Alcohol and driving
Of 145 countries, 14% (21 countries) reported on by the WHO allow no blood alcohol content (BAC) when driving. The countries which allow some BAC vary tenfold in what they allow.
Alcohol and pregnancy and breastfeeding
Only 14 countries had government advice on alcohol consumption in pregnant or breastfeeding women. All of these countries recommend that it is safest not to drink alcohol in pregnancy. Several countries highlight that if women do choose to drink in pregnancy, then they should limit the number of drinks per day and the number of drinking days per week. Several countries also note that women should not drink alcohol during the first few months of a baby’s life, and that they should not drink alcohol if they are planning to become pregnant.
In summary, the researchers say that there is international variation in what was considered harmful or excessive alcohol consumption on a daily or weekly basis and when driving. There is also no agreement on what the appropriate ratio of consumption threshold for men and women should be. They conclude that international consensus on low-risk drinking guidelines is an important goal which could help people to make better-informed choices about alcohol consumption.
This research provides interesting insight into variability in alcohol consumption guidelines worldwide.
As the authors note, some of the variability they found could be due to a lack of clarity or consistency from the research evidence in terms of what levels of alcohol increase different types of risks. This may be due to different levels of alcohol having different effects on different short- and long-term outcomes (for example, cardiovascular risk, cancer risk, or injury risk), as well as differing effects of different patterns of drinking (such as binge drinking versus regular lower-level consumption).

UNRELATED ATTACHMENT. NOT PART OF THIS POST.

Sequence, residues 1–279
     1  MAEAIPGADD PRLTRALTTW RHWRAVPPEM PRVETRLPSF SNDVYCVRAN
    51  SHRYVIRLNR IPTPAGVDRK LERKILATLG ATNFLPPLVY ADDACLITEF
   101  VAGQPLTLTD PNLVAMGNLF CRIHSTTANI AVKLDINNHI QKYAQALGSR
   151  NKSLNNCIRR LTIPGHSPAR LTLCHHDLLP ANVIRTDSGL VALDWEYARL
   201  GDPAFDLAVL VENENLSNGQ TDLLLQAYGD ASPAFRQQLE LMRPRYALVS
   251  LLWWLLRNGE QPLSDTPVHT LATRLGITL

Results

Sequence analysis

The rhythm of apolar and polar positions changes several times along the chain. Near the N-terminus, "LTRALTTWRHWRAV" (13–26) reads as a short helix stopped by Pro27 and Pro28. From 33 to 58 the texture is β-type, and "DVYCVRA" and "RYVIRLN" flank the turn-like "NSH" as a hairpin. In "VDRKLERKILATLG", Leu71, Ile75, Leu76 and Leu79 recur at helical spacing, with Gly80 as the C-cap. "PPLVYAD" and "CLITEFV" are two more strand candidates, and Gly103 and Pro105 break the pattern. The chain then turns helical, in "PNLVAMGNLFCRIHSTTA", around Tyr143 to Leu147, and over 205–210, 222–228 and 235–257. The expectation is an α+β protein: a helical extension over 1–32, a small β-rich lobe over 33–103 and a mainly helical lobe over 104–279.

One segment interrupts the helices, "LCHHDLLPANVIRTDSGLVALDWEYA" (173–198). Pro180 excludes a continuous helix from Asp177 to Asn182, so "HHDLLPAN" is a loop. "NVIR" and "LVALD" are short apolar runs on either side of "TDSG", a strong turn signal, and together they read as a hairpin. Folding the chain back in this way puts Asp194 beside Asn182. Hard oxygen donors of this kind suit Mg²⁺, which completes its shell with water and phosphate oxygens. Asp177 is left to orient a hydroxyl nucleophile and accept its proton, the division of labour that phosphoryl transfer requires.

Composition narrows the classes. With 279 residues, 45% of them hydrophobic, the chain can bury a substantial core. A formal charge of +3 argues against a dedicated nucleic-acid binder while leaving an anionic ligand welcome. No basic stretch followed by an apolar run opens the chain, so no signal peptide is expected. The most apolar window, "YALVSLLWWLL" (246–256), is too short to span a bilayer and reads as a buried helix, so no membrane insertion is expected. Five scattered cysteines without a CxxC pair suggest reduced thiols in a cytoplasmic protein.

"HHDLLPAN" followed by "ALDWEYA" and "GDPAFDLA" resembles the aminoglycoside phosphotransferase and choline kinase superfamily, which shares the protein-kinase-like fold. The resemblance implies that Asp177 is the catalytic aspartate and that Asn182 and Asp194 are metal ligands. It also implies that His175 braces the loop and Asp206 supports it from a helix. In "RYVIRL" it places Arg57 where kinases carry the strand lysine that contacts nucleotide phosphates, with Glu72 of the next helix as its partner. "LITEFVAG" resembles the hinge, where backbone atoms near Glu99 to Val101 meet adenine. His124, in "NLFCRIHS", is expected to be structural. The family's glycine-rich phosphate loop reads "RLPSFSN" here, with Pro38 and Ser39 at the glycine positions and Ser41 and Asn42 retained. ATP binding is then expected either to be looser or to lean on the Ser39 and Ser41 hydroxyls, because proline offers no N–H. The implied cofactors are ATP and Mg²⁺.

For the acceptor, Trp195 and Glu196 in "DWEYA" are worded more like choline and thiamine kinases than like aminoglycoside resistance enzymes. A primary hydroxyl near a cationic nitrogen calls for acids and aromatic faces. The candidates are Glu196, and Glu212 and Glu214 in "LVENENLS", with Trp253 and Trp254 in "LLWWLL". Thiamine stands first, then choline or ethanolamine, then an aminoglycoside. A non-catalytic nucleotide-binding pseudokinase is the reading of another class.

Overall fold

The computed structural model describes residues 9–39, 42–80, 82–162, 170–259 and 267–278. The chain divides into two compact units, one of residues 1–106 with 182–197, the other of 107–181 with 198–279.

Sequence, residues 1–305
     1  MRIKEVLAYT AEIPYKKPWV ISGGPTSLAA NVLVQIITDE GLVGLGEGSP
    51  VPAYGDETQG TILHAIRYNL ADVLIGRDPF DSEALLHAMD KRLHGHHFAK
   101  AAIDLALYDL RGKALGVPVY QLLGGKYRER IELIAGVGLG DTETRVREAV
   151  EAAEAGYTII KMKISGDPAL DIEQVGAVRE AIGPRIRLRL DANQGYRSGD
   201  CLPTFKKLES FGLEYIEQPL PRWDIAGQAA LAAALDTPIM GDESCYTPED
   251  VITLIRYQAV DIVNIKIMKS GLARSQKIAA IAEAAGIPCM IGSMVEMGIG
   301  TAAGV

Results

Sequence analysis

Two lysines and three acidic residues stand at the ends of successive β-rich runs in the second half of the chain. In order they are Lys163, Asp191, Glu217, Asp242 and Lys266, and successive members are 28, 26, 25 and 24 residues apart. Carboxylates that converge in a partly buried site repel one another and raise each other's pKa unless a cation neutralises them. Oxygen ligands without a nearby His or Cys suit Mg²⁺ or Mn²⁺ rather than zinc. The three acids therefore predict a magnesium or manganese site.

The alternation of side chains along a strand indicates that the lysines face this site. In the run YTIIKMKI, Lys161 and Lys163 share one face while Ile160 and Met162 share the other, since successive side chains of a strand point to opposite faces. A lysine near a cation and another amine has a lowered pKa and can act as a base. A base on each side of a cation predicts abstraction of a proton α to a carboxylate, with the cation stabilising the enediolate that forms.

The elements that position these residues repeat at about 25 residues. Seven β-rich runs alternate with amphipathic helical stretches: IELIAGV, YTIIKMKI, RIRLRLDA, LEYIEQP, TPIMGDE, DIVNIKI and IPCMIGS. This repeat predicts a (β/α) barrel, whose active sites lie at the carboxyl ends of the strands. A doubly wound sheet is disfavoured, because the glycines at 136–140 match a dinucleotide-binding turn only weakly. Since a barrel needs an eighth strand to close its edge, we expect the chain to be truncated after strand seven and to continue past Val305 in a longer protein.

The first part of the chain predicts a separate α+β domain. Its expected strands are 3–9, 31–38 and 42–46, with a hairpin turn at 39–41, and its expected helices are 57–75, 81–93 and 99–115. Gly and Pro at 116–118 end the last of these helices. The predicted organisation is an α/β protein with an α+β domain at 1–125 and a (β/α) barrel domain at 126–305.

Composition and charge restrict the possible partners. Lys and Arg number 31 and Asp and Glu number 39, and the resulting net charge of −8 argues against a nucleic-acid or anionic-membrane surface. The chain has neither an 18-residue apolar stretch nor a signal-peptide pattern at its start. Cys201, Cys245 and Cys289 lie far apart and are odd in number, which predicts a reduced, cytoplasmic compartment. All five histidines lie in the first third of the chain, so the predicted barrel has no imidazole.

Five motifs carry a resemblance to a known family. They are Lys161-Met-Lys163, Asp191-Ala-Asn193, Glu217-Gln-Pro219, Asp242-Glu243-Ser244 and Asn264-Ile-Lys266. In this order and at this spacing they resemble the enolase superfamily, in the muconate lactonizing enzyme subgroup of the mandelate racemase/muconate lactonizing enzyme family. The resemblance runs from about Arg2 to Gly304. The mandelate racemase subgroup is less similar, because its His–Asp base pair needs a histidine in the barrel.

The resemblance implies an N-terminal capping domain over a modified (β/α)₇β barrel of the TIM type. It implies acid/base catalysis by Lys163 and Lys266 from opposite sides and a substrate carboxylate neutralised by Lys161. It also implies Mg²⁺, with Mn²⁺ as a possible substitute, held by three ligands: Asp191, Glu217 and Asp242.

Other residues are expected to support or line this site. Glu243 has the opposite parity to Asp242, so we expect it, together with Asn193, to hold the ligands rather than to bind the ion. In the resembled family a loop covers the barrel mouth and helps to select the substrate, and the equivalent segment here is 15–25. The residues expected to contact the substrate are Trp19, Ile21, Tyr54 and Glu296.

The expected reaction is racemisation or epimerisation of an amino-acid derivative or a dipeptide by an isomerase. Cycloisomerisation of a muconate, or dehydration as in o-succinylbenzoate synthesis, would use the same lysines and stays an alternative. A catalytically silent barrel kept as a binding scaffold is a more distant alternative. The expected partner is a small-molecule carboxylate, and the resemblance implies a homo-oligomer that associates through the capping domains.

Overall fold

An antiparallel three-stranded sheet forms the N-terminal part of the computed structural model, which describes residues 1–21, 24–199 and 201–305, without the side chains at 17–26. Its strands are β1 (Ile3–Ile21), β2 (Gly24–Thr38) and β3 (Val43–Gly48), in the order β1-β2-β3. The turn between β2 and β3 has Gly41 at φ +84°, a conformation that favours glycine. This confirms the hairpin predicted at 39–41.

In addition, the research is itself complicated by the use of differing international definitions of what constitutes a standard drink (or unit) and how recommended alcohol intake is defined in different countries.
It was unclear how the searches for guidelines dealt with non English-language government websites. The authors also suggest that even international standardisation of recommendations may not be enough to change people’s behaviour. However, they argue that these standards are still important for those people who do wish to moderate their intake.
Overall, there are complexities to the research evidence which mean that a certain amount of expert judgement is needed when setting recommended maximum limits. Different countries may interpret the evidence differently and therefore make differing judgements, particularly in light of different cultural contexts.
For example, they may set different safe thresholds depending on whether their priority is a short-term risk, such as death from road traffic accidents, or long-term risks such as liver or heart disease.
The authors conclude with a set of their own recommendations (as listed in the introduction), which, with some minor differences, are broadly similar to the current UK recommendations.